In a unanimous opinion Monday, the Missouri Supreme Court
convicted Secretary of State Judith K. Moriarty of misconduct and
removed her from office.
The court found that Moriarty had backdated paperwork for her
son, Timothy Moriarty, when he filed for a state House seat last
"I'm just numb," Moriarty said in an interview in her home in
Sedalia Monday evening. Wearing a green sweatsuit, she dabbed her
puffy eyes with Kleenex.
"I thought I could get a fair shake from the court but it just
didn't happen," she said.
Moriarty criticized the swiftness of the court's decision,
which affirmed three articles of impeachment approved by the state
House. Her trial ended Friday morning and the court decision came
down at 4:30 p.m. Monday.
"They went with the House articles in one (working) day and
they did it readily," she said.
After six months of turmoil, this appears to be the end of the
road for Moriarty, Missouri's first woman to be secretary of state.
Her ouster is immediate and there is no appeal. She is the first
statewide official to be removed through impeachment in Missouri's
Gov. Mel Carnahan said the ruling "removes a cloud that has
been hanging over the secretary of state's office and the state of
Missouri for many months. I am pleased this has finally come to a
Attorney General Jay Nixon said Moriarty "certainly had every
opportunity to prove her innocence. I just think it's time now for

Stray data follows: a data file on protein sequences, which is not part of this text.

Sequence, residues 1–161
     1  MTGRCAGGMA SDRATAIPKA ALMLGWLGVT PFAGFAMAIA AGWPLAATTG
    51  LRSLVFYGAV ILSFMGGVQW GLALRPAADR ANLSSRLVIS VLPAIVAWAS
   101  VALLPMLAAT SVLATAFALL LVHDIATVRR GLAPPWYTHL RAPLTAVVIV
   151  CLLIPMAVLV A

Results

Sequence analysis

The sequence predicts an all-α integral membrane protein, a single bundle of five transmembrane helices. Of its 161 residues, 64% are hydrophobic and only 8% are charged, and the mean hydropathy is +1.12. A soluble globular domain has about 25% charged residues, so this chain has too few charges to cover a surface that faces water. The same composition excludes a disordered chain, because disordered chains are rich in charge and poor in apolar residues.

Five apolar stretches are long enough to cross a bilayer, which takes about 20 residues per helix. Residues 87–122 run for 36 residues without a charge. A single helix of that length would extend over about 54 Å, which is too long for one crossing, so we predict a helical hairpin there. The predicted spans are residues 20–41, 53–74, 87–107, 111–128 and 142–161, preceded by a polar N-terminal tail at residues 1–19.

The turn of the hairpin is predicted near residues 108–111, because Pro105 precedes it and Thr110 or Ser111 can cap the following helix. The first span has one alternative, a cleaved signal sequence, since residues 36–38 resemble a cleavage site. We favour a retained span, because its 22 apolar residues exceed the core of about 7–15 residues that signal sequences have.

her to recede quietly into the annals of Missouri history."
Carnahan will appoint someone to serve the remaining two years
of Moriarty's term.
The governor's spokesman, Chris Sifford, said no one had been
chosen but that the governor was likely to make his selection this
Interim Secretary of State Dick Hanson says he does not want
the permanent appointment. He plans to return to his post as
commissioner of administration.
Moriarty, 52, a Democrat, was the surprise winner for the
office two years ago. The lone woman in the field of candidates,
she spent a mere $16,000 to win the primary. She then edged
Republican John Hancock of St. Louis County in the general
election. She had been the county clerk in Pettis County for 10
As the state's chief elections official, Moriarty was
responsible for the filing of candidates for state offices. The
Supreme Court said testimony showed the process was error-filled,
and that filings complied with the law "as much by accident as by
The investigation into Timothy Moriarty's filing began in
mid-June, when former aide Barbara Campbell told investigators that
he had filed for office improperly.
Campbell said Timothy Moriarty came to the office on March 21
and filled out preliminary paperwork, but that Judith Moriarty told
Campbell to hold the papers.
At the time, Timothy Moriarty was checking to see whether he
could become a candidate and keep his state job at the Department
of Labor. On March 29, the last day to file, Campbell said Judith
Moriarty told Campbell to file Timothy Moriarty, even though he was
not present. State law requires candidates to appear in person when
Campbell filed Timothy Moriarty's papers at 1:19 p.m. on March
29. Weeks later, Judith Moriarty ordered Campbell to sign the
document, Campbell said. Timothy Moriarty also came to Jefferson
City and signed, sometime in May. …